Nor do I understand why people are resorting to cannibalism when in theory wildlife should be teeming against a decimated human population (zombies aren’t smart enough to hunt).

magic car batteries
As with previous seasons car batteries are miraculously up and at ’em after years sitting around untouched. If I don’t drive my 10 year old van for a couple weeks, the battery’s dead as a doornail and AAA charges (no pun intended) to the rescue.

normal to overweight BMI
The thinnest BMI amongst our survivors is in the 18-19 range, with most presenting in the 22ish range, plus a few corpulent survivors. That’s right, even in the most dire of survivalist settings people manage to maintain a high/normal BMI. Some are even steroid-buff (Tyreese and Abraham).

big muscles- and token white hispanic- apocalypse style

Yet we rarely see them obtain food, or even eat. Sure there are the occasional grocery runs for a cartful of canned food, and Daryl betimes rustles up squirrels, but there isn’t nearly enough food prep nor feasting for our motley crew to remain so plump and lively.

I shop for and prepare food for a household of ten people. Even with the modern conveniences of Costco and a functioning kitchen, it is essentially a full time job to ensure everyone is well fed and content. Yet somehow the cast of WD manages to maintain a normal weight while constantly fighting zombies, slaying enemy camps, indulging in profound dialogue over the nature of existence, all while unchained to the stove.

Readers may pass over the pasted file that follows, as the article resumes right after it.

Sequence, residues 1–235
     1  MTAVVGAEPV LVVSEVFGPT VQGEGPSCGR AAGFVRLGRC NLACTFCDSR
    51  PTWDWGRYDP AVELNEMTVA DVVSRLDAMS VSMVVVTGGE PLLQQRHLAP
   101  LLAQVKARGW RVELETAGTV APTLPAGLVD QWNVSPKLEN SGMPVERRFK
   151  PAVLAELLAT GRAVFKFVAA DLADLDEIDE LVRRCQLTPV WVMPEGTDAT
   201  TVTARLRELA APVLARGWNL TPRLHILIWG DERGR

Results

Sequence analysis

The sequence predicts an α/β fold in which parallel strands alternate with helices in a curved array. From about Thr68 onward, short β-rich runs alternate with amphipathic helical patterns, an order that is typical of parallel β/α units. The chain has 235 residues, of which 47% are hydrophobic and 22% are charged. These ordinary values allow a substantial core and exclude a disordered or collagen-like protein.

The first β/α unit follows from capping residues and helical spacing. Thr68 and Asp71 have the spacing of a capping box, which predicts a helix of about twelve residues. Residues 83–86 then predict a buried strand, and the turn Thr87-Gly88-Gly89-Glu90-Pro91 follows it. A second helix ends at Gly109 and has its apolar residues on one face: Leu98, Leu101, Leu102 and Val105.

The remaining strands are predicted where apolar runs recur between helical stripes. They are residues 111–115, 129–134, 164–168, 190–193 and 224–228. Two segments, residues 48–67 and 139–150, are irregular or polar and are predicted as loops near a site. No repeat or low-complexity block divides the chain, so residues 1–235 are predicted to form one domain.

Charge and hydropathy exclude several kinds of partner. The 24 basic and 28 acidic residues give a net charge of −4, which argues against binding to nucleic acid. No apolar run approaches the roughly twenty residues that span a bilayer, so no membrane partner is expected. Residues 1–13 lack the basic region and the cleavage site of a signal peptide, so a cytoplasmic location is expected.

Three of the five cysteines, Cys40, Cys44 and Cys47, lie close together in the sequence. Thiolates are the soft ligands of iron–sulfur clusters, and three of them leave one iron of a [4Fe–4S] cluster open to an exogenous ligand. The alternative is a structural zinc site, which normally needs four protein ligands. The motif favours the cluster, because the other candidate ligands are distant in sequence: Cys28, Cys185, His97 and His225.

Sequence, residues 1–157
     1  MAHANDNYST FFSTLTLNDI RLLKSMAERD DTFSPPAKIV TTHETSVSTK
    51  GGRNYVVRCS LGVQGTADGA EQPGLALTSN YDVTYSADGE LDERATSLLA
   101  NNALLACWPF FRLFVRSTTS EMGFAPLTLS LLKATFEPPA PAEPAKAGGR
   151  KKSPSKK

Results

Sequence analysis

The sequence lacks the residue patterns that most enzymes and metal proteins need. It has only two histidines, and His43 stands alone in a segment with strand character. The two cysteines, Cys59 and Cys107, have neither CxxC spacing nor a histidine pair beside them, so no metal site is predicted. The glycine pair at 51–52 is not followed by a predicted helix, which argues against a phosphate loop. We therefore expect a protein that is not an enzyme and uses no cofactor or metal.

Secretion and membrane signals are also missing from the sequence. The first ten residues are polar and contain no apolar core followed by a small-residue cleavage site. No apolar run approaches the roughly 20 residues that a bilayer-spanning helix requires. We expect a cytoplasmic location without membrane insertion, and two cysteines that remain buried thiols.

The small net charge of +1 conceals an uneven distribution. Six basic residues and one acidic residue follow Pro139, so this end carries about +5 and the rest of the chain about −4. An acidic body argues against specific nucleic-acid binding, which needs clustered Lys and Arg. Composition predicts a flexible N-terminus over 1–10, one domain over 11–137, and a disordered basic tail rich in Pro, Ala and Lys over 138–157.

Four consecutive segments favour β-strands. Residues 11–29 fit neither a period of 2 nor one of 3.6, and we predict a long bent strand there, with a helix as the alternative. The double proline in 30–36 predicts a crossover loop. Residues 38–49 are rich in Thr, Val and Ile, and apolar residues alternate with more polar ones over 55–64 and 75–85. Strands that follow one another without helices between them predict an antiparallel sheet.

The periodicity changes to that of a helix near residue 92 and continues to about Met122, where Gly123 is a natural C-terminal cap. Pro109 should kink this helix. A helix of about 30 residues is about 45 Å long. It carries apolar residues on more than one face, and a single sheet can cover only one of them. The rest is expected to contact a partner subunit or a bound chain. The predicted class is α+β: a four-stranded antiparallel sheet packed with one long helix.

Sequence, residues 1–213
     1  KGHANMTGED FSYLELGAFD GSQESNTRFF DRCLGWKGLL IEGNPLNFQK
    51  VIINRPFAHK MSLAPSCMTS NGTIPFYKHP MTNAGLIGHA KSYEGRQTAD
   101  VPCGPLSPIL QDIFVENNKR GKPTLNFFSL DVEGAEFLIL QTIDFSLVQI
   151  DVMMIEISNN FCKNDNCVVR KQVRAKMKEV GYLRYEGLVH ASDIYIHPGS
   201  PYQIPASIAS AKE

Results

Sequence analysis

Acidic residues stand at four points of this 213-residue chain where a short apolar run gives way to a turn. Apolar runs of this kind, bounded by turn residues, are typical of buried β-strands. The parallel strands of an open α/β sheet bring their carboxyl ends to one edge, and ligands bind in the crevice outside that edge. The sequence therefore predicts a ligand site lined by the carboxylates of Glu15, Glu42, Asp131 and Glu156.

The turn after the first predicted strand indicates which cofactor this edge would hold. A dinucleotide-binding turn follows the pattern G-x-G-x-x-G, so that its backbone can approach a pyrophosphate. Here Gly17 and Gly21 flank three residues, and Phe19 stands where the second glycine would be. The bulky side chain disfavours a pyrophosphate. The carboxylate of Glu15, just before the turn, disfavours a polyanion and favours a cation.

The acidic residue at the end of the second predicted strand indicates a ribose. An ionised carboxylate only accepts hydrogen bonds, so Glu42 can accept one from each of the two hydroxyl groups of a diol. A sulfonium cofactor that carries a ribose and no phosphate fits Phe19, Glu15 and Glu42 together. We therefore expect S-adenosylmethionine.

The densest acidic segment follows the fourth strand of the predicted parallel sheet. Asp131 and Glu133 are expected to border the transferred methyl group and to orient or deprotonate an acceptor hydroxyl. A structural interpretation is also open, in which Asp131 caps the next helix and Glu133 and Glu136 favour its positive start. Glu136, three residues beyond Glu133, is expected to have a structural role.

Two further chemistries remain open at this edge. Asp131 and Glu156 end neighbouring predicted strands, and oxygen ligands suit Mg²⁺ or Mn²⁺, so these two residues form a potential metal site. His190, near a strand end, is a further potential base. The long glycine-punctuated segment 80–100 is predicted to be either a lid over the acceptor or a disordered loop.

modest female zombies
Perhaps the zombie plague disproportionately impacted haredi jews and the FLDS. The majority of female zombies sport modest, ankle-covering skirts, long sleeved blouses, and long hair (I gues the FLDS braids came undone in the mayhem). Look out in your daily life and tell me how many women are sporting long hair and full-length skirts. Not a lot. Yet somehow in the zombie apocalypse, women are concerned about looking feminine.


That all being said season 5 isn’t nearly as bad as I anticipated. In fact it touches profoundly upon themes of religion, the human struggle, and choices we face when desperate. This is the backbone of the series and the main reason I continue to watch, even if apathetically.

Don’t tell me what happens in season 6, as I can’t stay up past 9pm.

Staten Island Summer

When I first noticed Staten Island Summer on Netflix I was delighted. A movie about Staten Island! Since when does that happen? I mean there was Copland which I believe was a thinly disguised version of Staten Island, but generally this island, despite its proximity to the cultural mecca of Manhhatan, has been left out of the cinematic universe. I eagerly clicked PLAY.

Sixty seconds in I knew I was in serious trouble. A “cartoon New Jersey” copulates with a “cartoon Brooklyn” to give birth to Staten Island. Yuck! Could they have been more crass? Technically this is true as Staten Island accents are a blend of Brooklyn and New Jersey- but animate it as porn? Blech. This was only the beginning.  From that initial point vulgarity, vapidity, and aimlessness only increased. Dick jokes, cleavage jokes, masturbation jokes. No, no, no!

I decided to lie back and think of England, enduring the whole damned 108 minutes of this monstrosity.

Let me state it bluntly: this is a horrible movie. Horribly written, horribly acted (with allowance for the disgusting, pointless script) horribly edited, there’s no significant plot, the characterization is abysmal and I’m pretty sure most of the scenes shot in “Great Kills” were in fact shot on the dreaded North Shore. Mysteriously no one in this film has a Staten Island accent except for the token guido, mafia boss, and extras. That’s right folks: the major players in a film about Staten Island sound like Julliard trained actors. I should have expected as much.

Et tu, Brute?